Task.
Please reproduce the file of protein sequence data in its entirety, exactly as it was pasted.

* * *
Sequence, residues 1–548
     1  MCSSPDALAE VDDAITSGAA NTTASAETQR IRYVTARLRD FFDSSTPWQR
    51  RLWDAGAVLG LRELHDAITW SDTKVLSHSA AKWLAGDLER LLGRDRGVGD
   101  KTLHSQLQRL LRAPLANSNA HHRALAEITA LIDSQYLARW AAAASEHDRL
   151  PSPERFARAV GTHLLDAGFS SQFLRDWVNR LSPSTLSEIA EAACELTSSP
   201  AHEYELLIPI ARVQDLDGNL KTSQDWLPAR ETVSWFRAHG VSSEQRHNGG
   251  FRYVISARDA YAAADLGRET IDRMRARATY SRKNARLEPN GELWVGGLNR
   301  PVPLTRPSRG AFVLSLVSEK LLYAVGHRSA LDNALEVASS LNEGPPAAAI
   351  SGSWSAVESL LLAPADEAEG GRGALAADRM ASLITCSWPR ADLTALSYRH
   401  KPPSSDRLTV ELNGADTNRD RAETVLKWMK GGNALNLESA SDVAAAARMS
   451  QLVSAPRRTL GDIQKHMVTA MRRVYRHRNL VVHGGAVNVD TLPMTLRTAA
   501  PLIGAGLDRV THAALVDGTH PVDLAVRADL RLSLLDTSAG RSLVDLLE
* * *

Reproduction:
Sequence, residues 1–548
     1  MCSSPDALAE VDDAITSGAA NTTASAETQR IRYVTARLRD FFDSSTPWQR
    51  RLWDAGAVLG LRELHDAITW SDTKVLSHSA AKWLAGDLER LLGRDRGVGD
   101  KTLHSQLQRL LRAPLANSNA HHRALAEITA LIDSQYLARW AAAASEHDRL
   151  PSPERFARAV GTHLLDAGFS SQFLRDWVNR LSPSTLSEIA EAACELTSSP
   201  AHEYELLIPI ARVQDLDGNL KTSQDWLPAR ETVSWFRAHG VSSEQRHNGG
   251  FRYVISARDA YAAADLGRET IDRMRARATY SRKNARLEPN GELWVGGLNR
   301  PVPLTRPSRG AFVLSLVSEK LLYAVGHRSA LDNALEVASS LNEGPPAAAI
   351  SGSWSAVESL LLAPADEAEG GRGALAADRM ASLITCSWPR ADLTALSYRH
   401  KPPSSDRLTV ELNGADTNRD RAETVLKWMK GGNALNLESA SDVAAAARMS
   451  QLVSAPRRTL GDIQKHMVTA MRRVYRHRNL VVHGGAVNVD TLPMTLRTAA
   501  PLIGAGLDRV THAALVDGTH PVDLAVRADL RLSLLDTSAG RSLVDLLE